• Stargate (Score:2, Funny)

    by damiena ( 263598 )
    Where are they going to move the Stargate to then?
    • Where are they going to move the Stargate to then?

      They have to write this into the Stargate plot somehow. Otherwise the Stargate program then would be fiction. Oh, wait.
  • by Anonymous Coward on Sunday July 30, 2006 @01:44PM (#15812042)
    Will WOPR have the same phone number if it's moved too?
  • I bet that would make a good house. I wonder how long before the US sells this former base.
    • Better than a house, why doesnsold't Google buy it for their primary data center and lab were it to be auctioned off?

      (Yeah, I know, the base is not actually being docomissioned and sold, but it'd be the perfect data center were that the case)

      Can you imagine the attraction of such a center? Totally impervious to war, as resistant to acts of God as one can get, plenty of shielding from RFI, climate controlled, etc. etc. plus I'm sure they have massively redundant power and data connections (it'd kinda suck if
      • You'd probably be fired if you suggested something like that. And for good reason.

        Websites aren't nearly important enough to warrant the huge expense of operating in an underground mountain bunker. What's the point? If there were a nuclear war or some other gigantic disaster, there would be so many other outages and problems, not being able to access a website would be the last of people's concerns. That's assuming there'd even be electricity and computers left to access the web. And you'd save so

  • by Weaselmancer ( 533834 ) on Sunday July 30, 2006 @01:46PM (#15812056)

    Maybe now we can take time out to port Linux to the WOPR. [] How about a nice game of GnuChess?

  • Oh, crap. (Score:5, Funny)

    by T-Ranger ( 10520 ) <> on Sunday July 30, 2006 @01:50PM (#15812078) Homepage
    It looks like Ill have to find a new place to play bridge, poker, checkers, tic-tac-toe, chess, and global thermonuclear war.
  • by tprox ( 621523 ) on Sunday July 30, 2006 @01:51PM (#15812079)
    They're clearing it out so when Skynet goes online, John Connor will have somewhere to go and lead the rest of us to victory.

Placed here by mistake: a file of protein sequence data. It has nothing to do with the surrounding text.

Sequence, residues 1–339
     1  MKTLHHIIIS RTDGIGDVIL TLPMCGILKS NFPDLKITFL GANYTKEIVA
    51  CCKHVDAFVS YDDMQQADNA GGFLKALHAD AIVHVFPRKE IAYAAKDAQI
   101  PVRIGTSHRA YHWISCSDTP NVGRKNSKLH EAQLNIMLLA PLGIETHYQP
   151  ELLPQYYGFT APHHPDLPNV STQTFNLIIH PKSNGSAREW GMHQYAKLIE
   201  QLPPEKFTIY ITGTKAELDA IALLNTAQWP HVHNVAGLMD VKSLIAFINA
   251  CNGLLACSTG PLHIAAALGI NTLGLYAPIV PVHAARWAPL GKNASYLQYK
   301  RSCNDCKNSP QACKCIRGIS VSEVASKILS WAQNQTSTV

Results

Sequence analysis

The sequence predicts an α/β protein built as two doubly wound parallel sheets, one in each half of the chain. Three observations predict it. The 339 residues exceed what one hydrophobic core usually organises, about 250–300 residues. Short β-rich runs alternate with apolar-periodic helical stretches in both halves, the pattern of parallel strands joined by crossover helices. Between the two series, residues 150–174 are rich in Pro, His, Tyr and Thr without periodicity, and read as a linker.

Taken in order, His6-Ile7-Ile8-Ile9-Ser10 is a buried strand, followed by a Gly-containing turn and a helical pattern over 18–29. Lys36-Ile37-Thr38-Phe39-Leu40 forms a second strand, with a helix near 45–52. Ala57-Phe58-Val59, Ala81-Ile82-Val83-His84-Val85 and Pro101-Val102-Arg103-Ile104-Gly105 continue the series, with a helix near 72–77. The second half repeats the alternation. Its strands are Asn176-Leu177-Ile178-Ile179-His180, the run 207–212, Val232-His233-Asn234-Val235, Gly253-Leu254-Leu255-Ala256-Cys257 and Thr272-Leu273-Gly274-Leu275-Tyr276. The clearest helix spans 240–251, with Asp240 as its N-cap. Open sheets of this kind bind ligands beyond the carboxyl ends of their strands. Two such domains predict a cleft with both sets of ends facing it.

• by interstellar_donkey ( 200782 ) <> on Sunday July 30, 2006 @01:54PM (#15812104) Homepage Journal
    So, if I was a hostile nation that could sneak one suitcase bomb into the US, couldn't I just set it off near the AFB they're moving NORAD to before launching my missles?

    I'd kill all the NORAD personnel, and even if they were others it'd take them a few hours to get the mountain up and running. By then the missles will have already flown.
  • DIBBS on it! Mine, mine, mine. What a party shack that would be. Man, no noise complaints with that big assed door they have.
    • You're going to have to fight Dick Cheney for it. Word is that he's already moved his undisclosed location there, and he'll shoot any trespassers in the face.
  • Nooo! Wherever will we shoot our 1980's cult films now?!
  • by demachina ( 71715 ) on Sunday July 30, 2006 @01:58PM (#15812131)
    My fearless leader.....Dick Cheney....keeps telling me how we are in imminent danger of some rogue state, North Korea, Iraq, Iran or terrorist group, lobbing a nuke at us. On the one hand we have the whole "mushroom cloud" syndrome, and now the Pentagon tells me our penultimate bunker isn't really needed any more to defend our command and control center from a "mushroom cloud". Cheyenne Mountain actually wasn't worth much during the cold war when our main adversary had multi megaton nukes. It actually might stand up to the kiloton class nukes rogue states and terrorist groups are most likely to get. So we move command and control to a place where it will be relatively easy to destroy and decapitate one of the most critical command and control centers we have. And we do it AFTER we spend $700 million in a failed attempt to upgrade the one we are closing down. You really have to wonder if the people in charge really are completely incompetent to manage their own affairs let alone those of a superpower.